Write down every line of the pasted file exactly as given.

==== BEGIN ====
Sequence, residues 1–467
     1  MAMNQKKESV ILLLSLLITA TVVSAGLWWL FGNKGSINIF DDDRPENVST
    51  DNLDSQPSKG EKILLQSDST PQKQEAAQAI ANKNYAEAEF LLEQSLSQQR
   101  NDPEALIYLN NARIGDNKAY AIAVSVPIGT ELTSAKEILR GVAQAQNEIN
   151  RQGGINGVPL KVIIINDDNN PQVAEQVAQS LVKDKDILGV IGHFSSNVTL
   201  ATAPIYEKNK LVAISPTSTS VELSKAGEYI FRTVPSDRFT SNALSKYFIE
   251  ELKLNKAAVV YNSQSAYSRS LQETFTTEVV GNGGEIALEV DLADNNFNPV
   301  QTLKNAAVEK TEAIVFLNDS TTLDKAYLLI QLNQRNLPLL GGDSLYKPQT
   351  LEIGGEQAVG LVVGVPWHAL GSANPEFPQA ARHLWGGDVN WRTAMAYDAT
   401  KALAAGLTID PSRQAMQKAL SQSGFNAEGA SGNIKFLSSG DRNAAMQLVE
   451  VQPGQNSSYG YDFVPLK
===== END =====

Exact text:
Sequence, residues 1–467
     1  MAMNQKKESV ILLLSLLITA TVVSAGLWWL FGNKGSINIF DDDRPENVST
    51  DNLDSQPSKG EKILLQSDST PQKQEAAQAI ANKNYAEAEF LLEQSLSQQR
   101  NDPEALIYLN NARIGDNKAY AIAVSVPIGT ELTSAKEILR GVAQAQNEIN
   151  RQGGINGVPL KVIIINDDNN PQVAEQVAQS LVKDKDILGV IGHFSSNVTL
   201  ATAPIYEKNK LVAISPTSTS VELSKAGEYI FRTVPSDRFT SNALSKYFIE
   251  ELKLNKAAVV YNSQSAYSRS LQETFTTEVV GNGGEIALEV DLADNNFNPV
   301  QTLKNAAVEK TEAIVFLNDS TTLDKAYLLI QLNQRNLPLL GGDSLYKPQT
   351  LEIGGEQAVG LVVGVPWHAL GSANPEFPQA ARHLWGGDVN WRTAMAYDAT
   401  KALAAGLTID PSRQAMQKAL SQSGFNAEGA SGNIKFLSSG DRNAAMQLVE
   451  VQPGQNSSYG YDFVPLK